Joseph F. Weis

Joseph F. Weis, Jr. U.S. Courthouse

WDP performed an on-site investigation of the GSA Joseph F. Weis Jr. U.S. Courthouse, a 10-story building sprawling across an entire city block in Pittsburgh, Pennsylvania. Its interior walls are rich in history with framed images of every judge who has served lining the hallways. The building was originally built in the 1930s, but several renovations have occurred since then, with the notable addition of four skylights and the partial enclosure of its historic façade. Generally, WDP’s involvement on the project demonstrates our flexibility in adapting to an evolving scope, as during the Phase 1 evaluation, significant section loss was observed on the steel structural members of the loading dock. Upon that discovery, WDP was able to rescope services, allowing us to conduct a preliminary structural evaluation of the loading dock within the original budget. Ultimately, our services included: a window condition study, limestone façade crack survey, concrete condition assessment, and diagnostic water testing.

The investigation was separated into two phases to allow time for Phase 1 to inform how to most efficiently conduct the remainder of the investigation. Phase 1 was performed in September 2020 and included the deployment of WDP’s Rope Access Team who expertly documented the limestone façade cracking and general exterior window conditions. Rope access was an ideal approach for this project, as it had a low impact on the high volumes of foot traffic around the perimeter of the building. While the WDP Rope Access Team were rappelling, another part of our team worked in tandem with the subcontractor to perform in-depth documentation of the interior condition of both the historic and storm windows, perform diagnostic water testing at the below grade parking garage seated directly below the building, complete water and air infiltration testing in general accordance with ASTM E 1105 and ASTM E 783, and perform a concrete condition evaluation below a loading dock connected to the building’s east elevation.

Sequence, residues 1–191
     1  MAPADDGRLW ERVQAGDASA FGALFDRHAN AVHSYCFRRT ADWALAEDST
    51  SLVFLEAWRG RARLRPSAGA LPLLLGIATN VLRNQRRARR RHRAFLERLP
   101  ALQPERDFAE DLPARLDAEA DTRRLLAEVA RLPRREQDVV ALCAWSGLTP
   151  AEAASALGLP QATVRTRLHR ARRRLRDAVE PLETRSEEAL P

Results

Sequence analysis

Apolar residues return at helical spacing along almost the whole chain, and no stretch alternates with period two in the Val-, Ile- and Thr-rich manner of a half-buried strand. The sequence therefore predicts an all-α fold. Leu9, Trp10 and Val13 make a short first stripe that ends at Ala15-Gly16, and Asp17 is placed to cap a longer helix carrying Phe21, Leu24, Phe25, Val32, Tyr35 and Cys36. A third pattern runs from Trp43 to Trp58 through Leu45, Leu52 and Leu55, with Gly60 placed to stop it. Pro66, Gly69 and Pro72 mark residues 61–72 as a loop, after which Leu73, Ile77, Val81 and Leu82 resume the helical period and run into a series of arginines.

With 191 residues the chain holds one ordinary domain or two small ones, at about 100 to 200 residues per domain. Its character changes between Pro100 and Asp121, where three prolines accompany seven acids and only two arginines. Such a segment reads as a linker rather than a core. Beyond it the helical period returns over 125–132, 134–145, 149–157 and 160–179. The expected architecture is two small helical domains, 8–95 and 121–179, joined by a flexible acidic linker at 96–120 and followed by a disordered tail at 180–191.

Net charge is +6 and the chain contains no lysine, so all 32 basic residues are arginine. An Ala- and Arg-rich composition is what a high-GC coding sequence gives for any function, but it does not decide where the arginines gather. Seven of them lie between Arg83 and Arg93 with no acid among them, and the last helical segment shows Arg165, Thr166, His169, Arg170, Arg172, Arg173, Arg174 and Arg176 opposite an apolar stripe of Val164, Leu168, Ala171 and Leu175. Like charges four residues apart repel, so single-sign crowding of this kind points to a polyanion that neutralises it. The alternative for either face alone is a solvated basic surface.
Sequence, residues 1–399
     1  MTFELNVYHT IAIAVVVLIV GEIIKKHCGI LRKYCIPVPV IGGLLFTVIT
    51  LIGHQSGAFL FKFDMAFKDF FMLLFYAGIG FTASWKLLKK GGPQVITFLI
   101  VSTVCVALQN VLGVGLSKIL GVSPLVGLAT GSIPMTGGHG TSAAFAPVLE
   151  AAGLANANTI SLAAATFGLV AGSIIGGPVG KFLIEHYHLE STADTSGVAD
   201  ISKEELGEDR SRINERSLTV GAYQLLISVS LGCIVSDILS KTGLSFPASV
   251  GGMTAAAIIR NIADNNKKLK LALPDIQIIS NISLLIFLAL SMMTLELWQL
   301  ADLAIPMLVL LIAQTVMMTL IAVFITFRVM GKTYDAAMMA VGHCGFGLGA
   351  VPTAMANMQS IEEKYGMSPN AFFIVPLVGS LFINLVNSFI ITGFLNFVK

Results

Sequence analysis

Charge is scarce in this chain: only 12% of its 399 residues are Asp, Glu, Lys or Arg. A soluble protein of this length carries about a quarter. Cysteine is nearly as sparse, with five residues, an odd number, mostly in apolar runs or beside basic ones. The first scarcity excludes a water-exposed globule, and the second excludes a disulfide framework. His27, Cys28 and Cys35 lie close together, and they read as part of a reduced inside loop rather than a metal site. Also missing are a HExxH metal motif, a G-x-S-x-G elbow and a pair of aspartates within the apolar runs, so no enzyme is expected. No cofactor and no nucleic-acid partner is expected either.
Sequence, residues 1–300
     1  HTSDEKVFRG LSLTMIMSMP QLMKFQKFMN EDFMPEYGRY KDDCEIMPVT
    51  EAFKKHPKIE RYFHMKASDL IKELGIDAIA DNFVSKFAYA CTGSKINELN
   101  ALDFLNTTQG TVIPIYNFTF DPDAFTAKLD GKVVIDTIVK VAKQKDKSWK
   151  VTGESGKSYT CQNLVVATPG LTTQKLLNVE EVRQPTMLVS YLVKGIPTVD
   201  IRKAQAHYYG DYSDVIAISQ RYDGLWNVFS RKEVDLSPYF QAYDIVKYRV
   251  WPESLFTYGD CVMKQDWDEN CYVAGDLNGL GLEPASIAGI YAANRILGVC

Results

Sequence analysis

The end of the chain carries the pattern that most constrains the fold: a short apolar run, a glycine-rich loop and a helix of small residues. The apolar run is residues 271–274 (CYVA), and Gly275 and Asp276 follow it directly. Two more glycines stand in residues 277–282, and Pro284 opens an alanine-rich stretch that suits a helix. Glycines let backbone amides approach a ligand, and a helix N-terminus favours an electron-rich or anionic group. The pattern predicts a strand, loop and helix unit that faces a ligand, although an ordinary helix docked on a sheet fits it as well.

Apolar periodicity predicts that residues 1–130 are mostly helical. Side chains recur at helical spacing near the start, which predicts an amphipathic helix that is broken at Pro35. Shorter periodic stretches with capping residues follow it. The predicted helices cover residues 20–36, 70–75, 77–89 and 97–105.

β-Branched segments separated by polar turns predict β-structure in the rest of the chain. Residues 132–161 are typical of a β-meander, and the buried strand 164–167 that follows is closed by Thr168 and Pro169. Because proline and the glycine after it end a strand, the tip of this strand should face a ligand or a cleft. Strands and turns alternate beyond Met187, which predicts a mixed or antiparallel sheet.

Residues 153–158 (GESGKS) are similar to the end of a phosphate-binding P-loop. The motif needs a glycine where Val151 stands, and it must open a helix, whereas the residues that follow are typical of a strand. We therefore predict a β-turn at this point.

Phase 2 was performed in November 2020 and included additional documentation of windows, limestone façade test cuts, and in-depth documentation of concrete and steel member conditions below the loading dock where there were active train tracks that were originally built to aid mail delivery, as that was the building’s original purpose. This required members of our team to become Track Trained by the Port Authority.

After the completion of both phases of the investigation, Phase 3 was completed in February 2021.  WDP provided the GSA with a detailed report of our conclusions, repair recommendations, and a detailed design and construction cost estimate. Photos of each condition encountered were provided along with an Appendix, complete with the areas surveyed.

During the building-wide assessment, WDP determined repair of the loading dock to be the highest priority of all components investigated, and the GSA accordingly requested services for an on-site study and repair design to address the root causes and deficiencies at the loading dock, and to maintain current and future operations. WDP performed a follow up field assessment between June 29 and July 2, 2021. The purpose of this survey was to document damage in greater detail, determine the root cause of deterioration, and gather information to prepare construction documents for loading dock repair.

Documented conditions included corrosion of structural steel framing elements, delamination and spalling of concrete, and observations of additional water infiltration. WDP updated repair recommendations and cost estimates included in the 2020 report and is currently preparing documents for repair and rehabilitation to address deterioration. A full set of construction documents were completed in January 2022.

  • Investigation – Phase 1
    • Existing documentation review
    • Visual survey using rope access
    • Diagnostic water testing & air leakage testing
  • Investigation – Phase 2
    • Field survey of existing conditions
    • Observations for design change recommendations and/or repairs
  • Study Report – Phase 3
    • Survey report with conclusions & repair recommendations
    • Cost Estimate
  • Loading Dock Repair Design – Phase 4
    • Field survey of existing conditions
    • Survey report with updated repair recommendations and cost estimate
    • Development of construction documents for repair (on-going)